A technique that is often used by security software, and has historically
been a source of security holes, has once again been shown to be
exploitable on many systems.
recently presented by Robert N.M. Watson at the USENIX Workshop on Offensive
(WOOT07) demonstrates race conditions in software that uses
"system call wrapping" (or "hooking"). The race conditions can be
exploited to circumvent the protections that the software is supposed to
provide. Well behaved Linux software is not vulnerable, but other free
operating systems do allow, and even encourage, the practice.
There are several different ways to implement wrappers, but at
the core, they are kernel code that intercepts system calls from all
applications, running their own code before and after the real system call.
The wrapper code can see and
modify all of the arguments being passed to and from the system call.
This technique can be used to enforce various policies on the use of the
system calls, denying or sharply restricting access. Logging, for audit
trail purposes, all system call activity is another way the wrappers could
Anti-virus or intrusion detection and prevention are the kinds of applications
that use system call wrapping. Intercepting all calls to open(),
for example, checking the file for viruses or illegal access and if so,
returning an error, are the kinds of tasks that system call wrappers are
used for. Notable users of system call wrappers are the OpenBSD and NetBSD
the Generic Software
Wrappers Toolkit and the
CerbNG firewall for FreeBSD.
Thus, intercepting system calls is a technique that is useful, but not without
hazards. These recent vulnerabilities are endemic
to the technique, not tied to a specific implementation. They exploit that
bugaboo of system programmers everywhere: the race condition. Specifically,
(TOCTTOU) or other, similar, bugs.
A TOCTTOU exploit abuses the gap in time between the test for a condition
and the use of an object that passes the test. If the object is changed
in that gap, the restrictions that were supposed to be enforced by the test
can be bypassed. The classic example is a setuid() program that
tests a file for legal access by the real user before opening it. If the
user replaces the file with a symlink to a file they can't legally access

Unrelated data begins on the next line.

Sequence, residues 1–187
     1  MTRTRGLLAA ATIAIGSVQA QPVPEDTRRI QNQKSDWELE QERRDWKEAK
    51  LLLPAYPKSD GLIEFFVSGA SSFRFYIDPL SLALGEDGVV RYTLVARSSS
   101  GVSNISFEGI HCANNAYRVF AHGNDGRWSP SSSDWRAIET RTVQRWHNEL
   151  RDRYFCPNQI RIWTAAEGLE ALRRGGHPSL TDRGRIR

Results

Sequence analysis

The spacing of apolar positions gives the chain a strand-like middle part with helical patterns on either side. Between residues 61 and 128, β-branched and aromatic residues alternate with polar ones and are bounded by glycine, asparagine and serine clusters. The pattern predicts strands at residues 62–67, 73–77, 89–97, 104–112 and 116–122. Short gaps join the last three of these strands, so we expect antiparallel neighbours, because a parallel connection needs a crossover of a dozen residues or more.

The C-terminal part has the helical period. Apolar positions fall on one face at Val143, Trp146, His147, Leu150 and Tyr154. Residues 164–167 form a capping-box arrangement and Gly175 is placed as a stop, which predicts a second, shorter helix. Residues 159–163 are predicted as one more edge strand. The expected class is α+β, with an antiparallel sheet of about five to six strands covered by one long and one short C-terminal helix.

after the test, but before the open(), they have circumvented the
Two similar race conditions have been identified for
applications using system call wrappers: time-of-audit-to-time-of-use
(TOATTOU) and time-of-replacement-to-time-of-use (TORTTOU).
In both cases, the data that gets passed to the system call is manipulated.
For TOATTOU, it is done to obscure the data from any auditing or logging
that might be done, covering the tracks of an exploit from an intrusion
detection application for example. In the TORTTOU case, if the data passed
into the system call is changed by the wrapper, to implement "jail"
functionality for instance, the exploit changes it back before the system
call is made.
In his paper, "Exploiting
Concurrency Vulnerabilities in System Call Wrappers" (PDF),
Watson shows techniques to reliably exploit the race conditions
in a variety of packages that use system call wrappers. On both single
and multi-processor systems, mechanisms were found to exploit the
time gap – because system calls, especially with wrappers, are not
For single processor systems, one of his examples used data
that had its last byte on a swapped-out page. While the kernel is
sleeping, awaiting the page to be swapped in, another process can change
the data that has already been read. For multiprocessor systems, the
windows are typically smaller, but it is not necessary to arrange for the
kernel to sleep, a thread on a different processor can be used to alter the
data. The main problem in that case is synchronizing with the kernel
process so that the exploit knows when to change the data. Watson
found several synchronization methods, one very simple one just spins
waiting for the data to change and changes it back, effecting a TORTTOU
For these and other reasons, Linux does not export its system call table
and actively discourages programmers from taking this approach. There are
no real solutions to the problems Watson has identified unless the system
call wrapping technique is abandoned. The two solutions he has suggested
are either moving to a "message passing" architecture for system calls or
to integrate the security checks into the kernel itself. He specifically
mentions the Linux Security Modules approach as one that alleviates the
system call wrapper race.
It is unfortunate that there are still many uses of system call wrapping in
today's free operating systems. While the specific problems that Watson
describes may not have been known, wrappers as a source of security bugs
certainly have been. It is a seductive technique, one that seems simple
to implement and foolproof, but it is clearly fraught with peril. The BSD
family needs to find other ways to implement their security applications as
do any Linux vendors who have ignored the kernel developers and continued
to use the wrapping technique.
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